Justice Ruth Bader Ginsburg, the demure firebrand who in her 80s became a legal, cultural and feminist icon, died Friday. The Supreme Court announced her death, saying the cause was complications from metastatic cancer of the pancreas.
The court, in a statement, said Ginsburg died at her home in Washington surrounded by family. She was 87.
"Our nation has lost a justice of historic stature," Chief Justice John Roberts said. "We at the Supreme Court have lost a cherished colleague. Today we mourn but with confidence that future generations will remember Ruth Bader Ginsburg as we knew her, a tired and resolute champion of justice."
Architect of the legal fight for women's rights in the 1970s, Ginsburg subsequently served 27 years on the nation's highest court, becoming its most prominent member. Her death will inevitably set in motion what promises to be a nasty and tumultuous political battle over who will succeed her, and it thrusts the Supreme Court vacancy into the spotlight of the presidential campaign.
Just days before her death, as her strength waned, Ginsburg dictated this statement to her granddaughter Clara Spera: "My most fervent wish is that I will not be replaced until a new president is installed."
She knew what was to come. Ginsburg's death will have profound consequences for the court and the country. Inside the court, not only is the leader of the liberal wing gone, but with the Court about to open a new term, Chief Justice John Roberts no longer holds the controlling vote in closely contested cases.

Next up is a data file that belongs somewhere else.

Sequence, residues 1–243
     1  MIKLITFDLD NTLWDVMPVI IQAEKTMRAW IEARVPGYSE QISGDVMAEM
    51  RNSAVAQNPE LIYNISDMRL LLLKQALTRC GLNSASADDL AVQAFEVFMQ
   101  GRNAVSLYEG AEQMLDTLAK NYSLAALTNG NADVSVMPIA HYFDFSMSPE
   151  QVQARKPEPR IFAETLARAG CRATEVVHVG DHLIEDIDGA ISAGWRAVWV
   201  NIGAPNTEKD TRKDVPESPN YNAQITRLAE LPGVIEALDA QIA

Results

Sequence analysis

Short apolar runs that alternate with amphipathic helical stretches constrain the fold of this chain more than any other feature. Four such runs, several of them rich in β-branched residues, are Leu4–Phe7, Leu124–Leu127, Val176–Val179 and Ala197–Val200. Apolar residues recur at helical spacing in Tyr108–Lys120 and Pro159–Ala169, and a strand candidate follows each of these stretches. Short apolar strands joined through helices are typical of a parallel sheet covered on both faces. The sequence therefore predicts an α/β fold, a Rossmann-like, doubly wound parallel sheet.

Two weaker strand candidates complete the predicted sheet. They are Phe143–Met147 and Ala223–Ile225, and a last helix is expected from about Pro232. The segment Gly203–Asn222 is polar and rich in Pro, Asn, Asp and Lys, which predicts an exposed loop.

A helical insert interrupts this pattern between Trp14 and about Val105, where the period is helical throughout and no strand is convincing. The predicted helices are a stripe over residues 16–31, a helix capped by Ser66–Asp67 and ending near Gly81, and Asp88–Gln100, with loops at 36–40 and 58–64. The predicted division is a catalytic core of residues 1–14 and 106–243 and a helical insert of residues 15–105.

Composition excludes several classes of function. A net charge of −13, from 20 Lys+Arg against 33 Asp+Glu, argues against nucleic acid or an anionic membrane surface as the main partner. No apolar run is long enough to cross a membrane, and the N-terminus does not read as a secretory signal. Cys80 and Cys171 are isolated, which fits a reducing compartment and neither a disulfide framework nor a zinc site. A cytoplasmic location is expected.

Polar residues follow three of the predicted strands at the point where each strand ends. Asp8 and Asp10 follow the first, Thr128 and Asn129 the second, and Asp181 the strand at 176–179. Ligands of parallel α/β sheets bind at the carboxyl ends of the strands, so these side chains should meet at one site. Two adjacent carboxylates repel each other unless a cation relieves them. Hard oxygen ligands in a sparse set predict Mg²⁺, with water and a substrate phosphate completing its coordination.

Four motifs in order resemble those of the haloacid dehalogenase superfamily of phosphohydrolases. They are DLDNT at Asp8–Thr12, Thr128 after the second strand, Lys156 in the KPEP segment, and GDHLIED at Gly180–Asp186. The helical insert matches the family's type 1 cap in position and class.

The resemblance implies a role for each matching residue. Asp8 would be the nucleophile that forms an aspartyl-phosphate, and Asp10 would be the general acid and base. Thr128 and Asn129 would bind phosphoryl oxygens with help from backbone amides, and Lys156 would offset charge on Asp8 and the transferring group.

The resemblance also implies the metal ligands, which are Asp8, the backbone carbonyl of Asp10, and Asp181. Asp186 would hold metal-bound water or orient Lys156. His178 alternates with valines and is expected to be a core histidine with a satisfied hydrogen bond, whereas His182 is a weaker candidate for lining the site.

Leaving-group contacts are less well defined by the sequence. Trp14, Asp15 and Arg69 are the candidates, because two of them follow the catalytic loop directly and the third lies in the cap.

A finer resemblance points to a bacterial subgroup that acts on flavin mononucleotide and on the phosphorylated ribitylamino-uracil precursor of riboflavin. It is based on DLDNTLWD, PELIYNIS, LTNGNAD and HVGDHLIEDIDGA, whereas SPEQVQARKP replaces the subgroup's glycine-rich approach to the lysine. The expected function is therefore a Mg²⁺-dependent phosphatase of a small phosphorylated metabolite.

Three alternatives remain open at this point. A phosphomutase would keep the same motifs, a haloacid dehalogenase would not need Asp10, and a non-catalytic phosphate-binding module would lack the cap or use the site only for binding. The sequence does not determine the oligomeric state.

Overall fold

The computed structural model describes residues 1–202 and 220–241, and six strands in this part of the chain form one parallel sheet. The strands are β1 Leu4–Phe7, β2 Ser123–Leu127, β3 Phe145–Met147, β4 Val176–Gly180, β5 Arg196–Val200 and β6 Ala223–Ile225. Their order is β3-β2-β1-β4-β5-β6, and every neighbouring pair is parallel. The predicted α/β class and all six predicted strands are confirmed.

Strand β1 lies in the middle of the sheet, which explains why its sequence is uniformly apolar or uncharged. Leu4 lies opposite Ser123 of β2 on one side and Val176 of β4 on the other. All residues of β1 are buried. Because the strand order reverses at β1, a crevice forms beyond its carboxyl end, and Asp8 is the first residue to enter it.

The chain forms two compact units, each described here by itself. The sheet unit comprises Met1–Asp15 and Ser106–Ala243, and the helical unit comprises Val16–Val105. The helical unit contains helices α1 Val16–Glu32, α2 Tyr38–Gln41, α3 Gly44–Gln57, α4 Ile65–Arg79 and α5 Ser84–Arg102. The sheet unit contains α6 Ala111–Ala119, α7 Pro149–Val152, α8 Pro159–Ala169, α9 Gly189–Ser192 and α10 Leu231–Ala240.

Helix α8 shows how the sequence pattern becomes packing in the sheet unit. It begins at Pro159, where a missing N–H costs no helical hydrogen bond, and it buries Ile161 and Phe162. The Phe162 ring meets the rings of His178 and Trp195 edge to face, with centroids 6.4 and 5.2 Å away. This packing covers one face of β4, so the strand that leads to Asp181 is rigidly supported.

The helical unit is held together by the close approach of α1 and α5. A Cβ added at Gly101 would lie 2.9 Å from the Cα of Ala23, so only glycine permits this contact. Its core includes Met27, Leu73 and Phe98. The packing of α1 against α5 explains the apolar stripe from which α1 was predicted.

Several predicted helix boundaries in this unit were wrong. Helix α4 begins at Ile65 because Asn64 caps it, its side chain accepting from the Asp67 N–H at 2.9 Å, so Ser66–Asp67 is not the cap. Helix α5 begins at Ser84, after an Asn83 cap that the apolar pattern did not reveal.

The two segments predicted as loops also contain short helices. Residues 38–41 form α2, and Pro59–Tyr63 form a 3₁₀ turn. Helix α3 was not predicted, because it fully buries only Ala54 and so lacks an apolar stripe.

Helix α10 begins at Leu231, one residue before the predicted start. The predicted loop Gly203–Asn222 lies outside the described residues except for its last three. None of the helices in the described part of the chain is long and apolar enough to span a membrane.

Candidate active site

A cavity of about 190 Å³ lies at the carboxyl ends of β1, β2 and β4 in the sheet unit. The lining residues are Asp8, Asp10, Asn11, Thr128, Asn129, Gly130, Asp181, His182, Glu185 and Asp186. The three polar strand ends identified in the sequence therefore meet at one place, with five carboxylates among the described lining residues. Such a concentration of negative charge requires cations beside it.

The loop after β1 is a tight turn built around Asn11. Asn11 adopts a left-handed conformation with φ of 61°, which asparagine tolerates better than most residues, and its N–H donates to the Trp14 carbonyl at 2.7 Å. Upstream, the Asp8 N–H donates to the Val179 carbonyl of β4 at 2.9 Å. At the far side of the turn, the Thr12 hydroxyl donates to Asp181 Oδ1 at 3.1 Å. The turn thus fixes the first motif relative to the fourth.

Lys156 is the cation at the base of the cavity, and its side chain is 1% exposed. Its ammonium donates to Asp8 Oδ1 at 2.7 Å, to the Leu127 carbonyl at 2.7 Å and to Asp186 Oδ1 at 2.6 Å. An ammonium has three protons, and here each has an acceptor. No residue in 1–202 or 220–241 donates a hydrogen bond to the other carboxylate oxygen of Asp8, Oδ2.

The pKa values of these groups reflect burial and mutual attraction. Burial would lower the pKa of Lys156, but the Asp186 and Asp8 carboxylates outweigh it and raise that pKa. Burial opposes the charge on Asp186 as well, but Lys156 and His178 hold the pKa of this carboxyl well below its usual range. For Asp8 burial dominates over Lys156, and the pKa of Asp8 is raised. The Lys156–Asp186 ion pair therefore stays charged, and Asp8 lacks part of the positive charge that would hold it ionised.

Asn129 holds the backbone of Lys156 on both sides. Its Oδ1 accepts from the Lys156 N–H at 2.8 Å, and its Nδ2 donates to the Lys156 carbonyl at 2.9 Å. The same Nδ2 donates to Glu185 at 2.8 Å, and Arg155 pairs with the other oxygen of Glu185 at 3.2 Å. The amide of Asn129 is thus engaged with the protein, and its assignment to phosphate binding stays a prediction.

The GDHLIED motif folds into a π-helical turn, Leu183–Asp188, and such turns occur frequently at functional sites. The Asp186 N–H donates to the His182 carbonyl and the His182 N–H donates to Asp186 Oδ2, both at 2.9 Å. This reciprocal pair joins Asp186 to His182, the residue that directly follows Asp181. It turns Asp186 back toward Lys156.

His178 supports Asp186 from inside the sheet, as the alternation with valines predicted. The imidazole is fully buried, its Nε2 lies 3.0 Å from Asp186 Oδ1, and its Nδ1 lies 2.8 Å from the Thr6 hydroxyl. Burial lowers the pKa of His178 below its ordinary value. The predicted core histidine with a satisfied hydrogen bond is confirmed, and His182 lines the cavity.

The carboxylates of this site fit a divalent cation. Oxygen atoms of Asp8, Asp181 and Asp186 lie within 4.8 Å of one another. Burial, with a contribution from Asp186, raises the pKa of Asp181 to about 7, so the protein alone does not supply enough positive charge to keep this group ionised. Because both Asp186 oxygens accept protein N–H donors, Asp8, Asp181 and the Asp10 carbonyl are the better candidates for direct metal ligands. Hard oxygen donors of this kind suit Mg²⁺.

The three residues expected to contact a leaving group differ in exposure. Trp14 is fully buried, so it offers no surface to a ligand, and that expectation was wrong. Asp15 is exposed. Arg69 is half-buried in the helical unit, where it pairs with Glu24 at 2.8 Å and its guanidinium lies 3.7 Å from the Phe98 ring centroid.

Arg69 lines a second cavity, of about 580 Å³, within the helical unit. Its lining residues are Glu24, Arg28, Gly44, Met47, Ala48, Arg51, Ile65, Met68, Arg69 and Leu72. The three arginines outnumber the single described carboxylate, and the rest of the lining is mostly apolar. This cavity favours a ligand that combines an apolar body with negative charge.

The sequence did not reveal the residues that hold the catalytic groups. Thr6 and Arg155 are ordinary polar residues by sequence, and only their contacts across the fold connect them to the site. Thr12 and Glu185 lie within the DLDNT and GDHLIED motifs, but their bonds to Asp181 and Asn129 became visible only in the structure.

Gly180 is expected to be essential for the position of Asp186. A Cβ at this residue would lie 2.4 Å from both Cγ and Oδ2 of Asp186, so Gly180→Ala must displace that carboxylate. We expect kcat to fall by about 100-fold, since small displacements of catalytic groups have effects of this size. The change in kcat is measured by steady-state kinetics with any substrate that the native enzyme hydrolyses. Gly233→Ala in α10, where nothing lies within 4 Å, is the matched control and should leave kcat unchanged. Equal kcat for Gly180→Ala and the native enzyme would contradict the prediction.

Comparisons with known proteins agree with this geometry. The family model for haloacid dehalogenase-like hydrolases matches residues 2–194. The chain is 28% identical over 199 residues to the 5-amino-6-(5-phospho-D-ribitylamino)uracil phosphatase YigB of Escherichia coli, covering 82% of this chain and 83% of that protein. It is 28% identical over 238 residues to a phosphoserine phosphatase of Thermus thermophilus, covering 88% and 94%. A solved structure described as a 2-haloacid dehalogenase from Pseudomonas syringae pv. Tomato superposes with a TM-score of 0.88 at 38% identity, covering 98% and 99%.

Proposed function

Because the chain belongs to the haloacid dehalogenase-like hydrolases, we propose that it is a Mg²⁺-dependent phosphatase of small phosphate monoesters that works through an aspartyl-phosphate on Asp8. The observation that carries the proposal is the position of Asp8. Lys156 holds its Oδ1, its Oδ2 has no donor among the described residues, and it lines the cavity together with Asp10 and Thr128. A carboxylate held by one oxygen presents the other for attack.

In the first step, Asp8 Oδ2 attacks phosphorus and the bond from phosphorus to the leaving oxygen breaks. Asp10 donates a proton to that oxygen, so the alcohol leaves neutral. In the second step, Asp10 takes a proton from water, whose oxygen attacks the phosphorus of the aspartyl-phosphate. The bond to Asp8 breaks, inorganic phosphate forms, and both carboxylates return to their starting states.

Though he has a consistently conservative record in most cases, he has split from fellow conservatives in a few important ones, this year casting his vote with liberals, for instance, to at least temporarily protect the so-called Dreamers from deportation by the Trump administration, to uphold a major abortion precedent, and to uphold bans on large church gatherings during the coronavirus pandemic. But with Ginsburg gone, there is no clear court majority for those outcomes.
Of course, a third Trump justice will be nominated to the court before the end of the month and approved by Mitch McConnell days before the election, and if not before the election, held as a carrot and prime negotiation tool for late November, or early December. It's the final blow to the country, one that we will not recover from, starting with the end of Obamacare.
Indeed, a week after the upcoming presidential election, the court is for the third time scheduled to hear a challenge brought by Republicans to the Affordable Care Act, known as Obamacare. In 2012 the high court upheld the law by a 5-to-4 vote, with Chief Justice Roberts casting the deciding vote and writing the opinion for the majority. But this time the outcome may well be different.
That's because Ginsburg's death gives Republicans the chance to tighten their grip on the court with another Trump appointment that would give conservatives a 6-to-3 majority. And that would mean that even a defection on the right would leave conservatives with enough votes to prevail in the Obamacare case and many others.
So here we are. Once again we are betting the entire country on Republican senators doing the right thing here when they have every reason to not do it. And every previous time they have failed us, failed history, failed themselves.
Now they will fail one more time, and we are undone as a nation.